Bringing the team concept to skateboarding |

Bringing the team concept to skateboarding

SUMMIT COUNTY – There is not a more individual sport than skateboarding. But that doesn’t mean there’s no place for teams.

In fact, the number of skate teams in Summit County has gone from one to three in the last two years.

A Big Hit skate shop in Breck sponsors the county’s oldest team. Last year, the Summit County Skate Team formed out of the Breckenridge Recreation Center and now, Silverthorne’s new skate shop, The Grind, has recruited three skaters to represent the shop.

The shop-based squads are there to promote a business, but they also help to promote positivity in a sometimes attitude-heavy sport.

“I wanted it to be something that was fun to be a part of,” said A Big Hit owner Chris Ferris, who has been sponsoring skaters for six years. “I want them to feel like they’re part of something positive. I don’t get a whole lot out of it. I’m not really concerned about that. I just feel like, when they represent me, they might make better decisions.”

Team A Big Hit consists of Alejandro Tovar, Madison Ellsworth, Rod Carter, Jake Darling, Zach Rawles, Ethan Mason, Jeremiah Worm and Mark Liscak.

The team from The Grind is newer and smaller. The skate shop opened in May and quickly formed a three-man team around Lance Machado. Daniel Finholm and Evan Sandsmark are the other two members.

Generally, in the summer, the trio is either at the skatepark or at the shop. They are not traditional employees, but they do help out with customers. They are paid in equipment and clothing discounts and an occasional free board.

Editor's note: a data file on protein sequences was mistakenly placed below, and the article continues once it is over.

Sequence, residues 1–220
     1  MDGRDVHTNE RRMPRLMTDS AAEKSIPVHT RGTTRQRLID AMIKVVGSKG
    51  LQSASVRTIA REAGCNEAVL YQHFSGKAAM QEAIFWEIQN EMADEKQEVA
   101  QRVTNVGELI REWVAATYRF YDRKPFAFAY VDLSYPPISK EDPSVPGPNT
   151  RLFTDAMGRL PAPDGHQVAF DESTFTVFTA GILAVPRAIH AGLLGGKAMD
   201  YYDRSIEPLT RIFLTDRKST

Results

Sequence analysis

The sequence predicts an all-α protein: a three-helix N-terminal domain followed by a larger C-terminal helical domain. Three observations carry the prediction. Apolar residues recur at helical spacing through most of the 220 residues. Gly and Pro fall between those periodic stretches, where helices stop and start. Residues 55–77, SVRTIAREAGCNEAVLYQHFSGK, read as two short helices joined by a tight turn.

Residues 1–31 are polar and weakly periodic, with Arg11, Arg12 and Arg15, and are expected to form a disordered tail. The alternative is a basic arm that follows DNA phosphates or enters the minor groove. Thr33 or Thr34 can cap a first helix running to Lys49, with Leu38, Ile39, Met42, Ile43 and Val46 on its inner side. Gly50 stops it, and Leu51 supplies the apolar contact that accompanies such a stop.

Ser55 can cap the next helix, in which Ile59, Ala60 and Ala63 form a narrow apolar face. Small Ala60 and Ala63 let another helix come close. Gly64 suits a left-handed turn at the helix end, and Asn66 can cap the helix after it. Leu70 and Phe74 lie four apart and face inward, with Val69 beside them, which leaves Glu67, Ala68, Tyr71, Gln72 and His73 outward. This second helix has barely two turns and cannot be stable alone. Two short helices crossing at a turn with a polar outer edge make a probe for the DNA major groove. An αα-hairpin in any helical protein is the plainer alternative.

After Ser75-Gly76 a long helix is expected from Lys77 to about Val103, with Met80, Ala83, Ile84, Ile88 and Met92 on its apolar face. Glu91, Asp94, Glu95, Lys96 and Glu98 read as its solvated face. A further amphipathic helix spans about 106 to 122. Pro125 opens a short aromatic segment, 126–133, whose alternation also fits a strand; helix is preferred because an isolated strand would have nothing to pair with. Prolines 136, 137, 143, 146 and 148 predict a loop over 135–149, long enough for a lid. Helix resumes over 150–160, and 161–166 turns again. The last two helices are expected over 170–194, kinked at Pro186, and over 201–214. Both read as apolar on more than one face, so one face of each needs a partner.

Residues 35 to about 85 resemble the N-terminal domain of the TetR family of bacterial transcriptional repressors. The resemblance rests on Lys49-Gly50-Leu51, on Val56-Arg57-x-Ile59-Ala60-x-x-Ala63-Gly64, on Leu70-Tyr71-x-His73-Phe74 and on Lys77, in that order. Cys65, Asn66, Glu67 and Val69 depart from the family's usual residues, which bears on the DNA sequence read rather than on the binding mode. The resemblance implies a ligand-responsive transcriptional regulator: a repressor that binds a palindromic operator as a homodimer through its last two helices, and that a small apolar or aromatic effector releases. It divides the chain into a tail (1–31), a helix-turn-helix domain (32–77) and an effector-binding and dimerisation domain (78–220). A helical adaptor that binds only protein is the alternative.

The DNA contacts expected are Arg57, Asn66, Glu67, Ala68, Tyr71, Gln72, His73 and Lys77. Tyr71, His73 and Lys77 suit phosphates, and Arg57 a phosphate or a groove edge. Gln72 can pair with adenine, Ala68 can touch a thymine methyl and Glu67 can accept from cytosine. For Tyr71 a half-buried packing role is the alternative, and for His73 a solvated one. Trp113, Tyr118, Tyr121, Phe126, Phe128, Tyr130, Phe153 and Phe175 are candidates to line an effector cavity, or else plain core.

They understand that being represented by (and representing) a shop comes with certain responsibilities.

“A lot of kids look up to the shop and us,” Finholm said.

“That’s our main goal is to get kids to want to come here because they like the way we skateboard,” Sandsmark added.

It’s an essential part of the business plan for The Grind owner Robb Monnaville.

“They’re basically like free advertising,” Monnaville said. “I give them what they want. They go out, and they promote the shop for me. They’re in the mix. They’re down at the park with the kids.”

As the shop grows, the team stands to get bigger and better.

“They all hang out together, they skate together and they learn from each other,” Monnaville said. “(Sandsmark and Finholm) are the best on the team, and Lance progresses off of them.”

This is the crux of the season for local skaters. They are between the Breckenridge and Silverthorne stops on the Mountain Madness tour. Breckenridge was last weekend, and Silverthorne is today.

Finholm was third in the Breckenridge street competition. Ellsworth placed first.

Ferris believes part of his role as a sponsor and shop owner is to promote his team members’ skills through his connections in the industry. The more people and companies know about his skaters, the better.

“Their skills get them where they are,” Ferris said. “But I try to be a conduit between the industry and their skills.”

The Summit Skate Team is a different animal than the shop-based teams. It operates through a Summit Foundation grant and offers coaching, camaraderie and competition for 12 local skaters who applied for spots earlier this month.

Jason Starr can be reached at (970) 668-3998, ext. 231, or at

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